“Sic ‘em,” she said to me and smiled. I don’t think either of us will ever forget that one second, two word, moment in time.

We took the track with seven other teams and that’s when the nerves started to kick in. Taryn Preston started our relay for us, and there wasn’t anyone I could’ve trusted more to put us in position from the beginning. She’s a girl who is very athletic, but so dependably strong, and strong-willed, too. She took off with the gun and handled any nerves with ease. She rounded the second turn right in the middle of all the action and handed off the baton to Kylie Brown.

I didn’t know Kylie very well until my senior track season, but I saw so much growth in this freshman within one season, and am so proud of her. She broke out of her shell and pushed herself further than what most people thought she might be capable of. She took the baton from Taryn and flew. My heart started pounding when I saw her come around the last turn – in first place. It then dawned on me that Evers was right (again), and that we had a real shot at this. I was going to have to give whatever I had left because I did not want to let these girls down.

Kylie handed the baton to Carley Denhof, and I shed the rest of my sweats and started to walk onto the track. Evers put Carley in the third leg of the relay because she knew what Carley was capable of, even if Carley didn’t. She’s faster than she knows, but she’s also such a team player and that mentality is what has to carry a person through that third leg. It isn’t always glamorous, but it is more important than people give it credit to be.

Carley had barely slipped into second place, and she was storming in towards me. Mason County Central exchanged a few meters ahead of us, and Pewamo-Westphalia exchanged right on my hip. A lot of the next minute was a blur, but after watching tape back of the race, the three of us girls were all evenly spaced behind one-another for a good quarter of the final lap, until it was just me trailing Mason County. I locked in on the back of a blue jersey, and really made no ground on her for most of my leg.

In a lot of my races, I zone in and any other thought or distraction is not part of the race at all. For the most part, this was no exception. I was just running, and truthfully, I don’t really remember much until I started to round the final turn and could see the finish line. This is a moment in my life where I had complete clarity for a split second, and a single thought that I know I won’t forget.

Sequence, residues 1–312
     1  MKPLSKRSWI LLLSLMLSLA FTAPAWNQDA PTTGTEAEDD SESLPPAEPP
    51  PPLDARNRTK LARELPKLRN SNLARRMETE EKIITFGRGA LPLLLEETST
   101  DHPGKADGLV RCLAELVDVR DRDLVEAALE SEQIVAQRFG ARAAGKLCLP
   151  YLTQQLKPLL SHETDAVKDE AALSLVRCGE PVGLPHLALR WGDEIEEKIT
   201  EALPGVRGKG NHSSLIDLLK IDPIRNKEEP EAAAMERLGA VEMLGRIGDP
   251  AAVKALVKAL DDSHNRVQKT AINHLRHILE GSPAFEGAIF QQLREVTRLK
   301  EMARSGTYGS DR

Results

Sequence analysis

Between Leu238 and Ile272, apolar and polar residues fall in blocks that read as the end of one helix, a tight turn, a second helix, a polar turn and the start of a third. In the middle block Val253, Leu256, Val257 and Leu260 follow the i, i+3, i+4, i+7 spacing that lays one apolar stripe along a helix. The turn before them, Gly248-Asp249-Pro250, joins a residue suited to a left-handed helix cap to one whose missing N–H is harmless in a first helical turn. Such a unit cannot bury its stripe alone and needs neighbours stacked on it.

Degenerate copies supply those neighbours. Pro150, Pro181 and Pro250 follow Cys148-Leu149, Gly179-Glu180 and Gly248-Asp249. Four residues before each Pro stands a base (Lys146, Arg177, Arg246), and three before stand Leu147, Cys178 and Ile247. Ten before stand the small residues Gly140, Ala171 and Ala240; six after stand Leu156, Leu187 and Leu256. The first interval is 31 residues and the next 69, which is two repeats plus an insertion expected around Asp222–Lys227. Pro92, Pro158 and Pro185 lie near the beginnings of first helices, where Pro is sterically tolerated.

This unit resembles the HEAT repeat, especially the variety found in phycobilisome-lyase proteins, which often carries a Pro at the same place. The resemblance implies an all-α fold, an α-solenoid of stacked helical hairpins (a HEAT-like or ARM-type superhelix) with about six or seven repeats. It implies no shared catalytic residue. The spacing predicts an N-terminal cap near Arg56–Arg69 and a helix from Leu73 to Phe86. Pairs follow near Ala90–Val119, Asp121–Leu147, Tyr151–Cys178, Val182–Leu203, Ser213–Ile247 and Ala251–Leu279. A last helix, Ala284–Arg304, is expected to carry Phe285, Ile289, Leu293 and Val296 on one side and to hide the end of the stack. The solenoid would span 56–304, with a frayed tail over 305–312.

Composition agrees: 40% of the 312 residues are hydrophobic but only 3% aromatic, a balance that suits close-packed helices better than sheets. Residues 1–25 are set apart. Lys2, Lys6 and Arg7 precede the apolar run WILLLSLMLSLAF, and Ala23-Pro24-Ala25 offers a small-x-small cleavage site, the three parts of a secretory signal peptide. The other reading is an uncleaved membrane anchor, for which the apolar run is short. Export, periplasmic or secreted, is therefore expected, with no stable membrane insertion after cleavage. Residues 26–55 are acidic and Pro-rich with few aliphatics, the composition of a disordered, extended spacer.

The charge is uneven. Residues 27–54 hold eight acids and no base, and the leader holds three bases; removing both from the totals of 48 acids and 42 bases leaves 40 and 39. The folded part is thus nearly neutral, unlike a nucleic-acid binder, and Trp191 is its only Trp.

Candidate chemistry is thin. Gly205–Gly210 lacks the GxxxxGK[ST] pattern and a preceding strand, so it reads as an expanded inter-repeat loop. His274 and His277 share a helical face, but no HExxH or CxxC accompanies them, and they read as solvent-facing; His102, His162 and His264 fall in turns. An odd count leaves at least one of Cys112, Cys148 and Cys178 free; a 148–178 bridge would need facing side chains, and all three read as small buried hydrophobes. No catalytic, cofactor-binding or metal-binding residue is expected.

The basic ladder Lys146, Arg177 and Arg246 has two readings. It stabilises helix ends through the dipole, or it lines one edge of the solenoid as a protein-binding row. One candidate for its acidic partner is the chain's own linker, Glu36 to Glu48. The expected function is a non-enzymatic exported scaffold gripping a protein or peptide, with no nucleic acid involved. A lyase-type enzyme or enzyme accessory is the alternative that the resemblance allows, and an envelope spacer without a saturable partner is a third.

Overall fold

“You could be a state champ, damn it.” 

Excuse the language inside my head, but that was my exact thought in that singular moment, and as quickly as it came, it left. I stopped thinking about anything at all, and flipped a switch. I changed gears and left every piece of me on the track that night. This was it, all I had left – of energy, of highschool track, and of chances to fulfill a dream of being a state champ. I kicked it in, but I wasn’t sure if I had enough track left in front of me to make it happen. Watching the video back, it took me six seconds from when I really decided to go, to be stride for stride with the Mason County girl. I could feel her next to me, but in that moment I knew I had her. Five more seconds, and I crossed that finish line only about a stride or two in front of her. I remember letting out a loud cry as I leaned and crossed the finish line, and soon after buckled over to catch my breath.

Then it hit me like a wave – I had done it. The realization set in and I instantly started crying. Disbelief, exhaustion, excitement, gratitude, and confusion all mixed together as I found myself back on the infield. Evers picked me up and shook me and it was one of the best hugs I can remember. She showed me her stopwatch and we had all run faster splits than ever before. We broke the school record by five seconds. We did it. The girls, Evers, we all did it.

I think I cried for the next hour, but that is really beside the point, and Evers likes to give me crap about it all the time. The truth of it is that yes, there are a few moments in life when a big dream you worked for comes true. But, I think it’s the moments that we never saw coming that mean more to us than the ones we scheme over could ever. Most of life is out of our own control, and if you get discouraged by the plan of man failing, you might miss the unforeseen blessings God graces us with. I wouldn’t change a thing about how my senior year ended, and the person it shaped me into. And although highschool is over, I learned to take the disappointments in one hand and to hold onto hope in the other with everything that comes at me in life, because we can all learn a lot from both.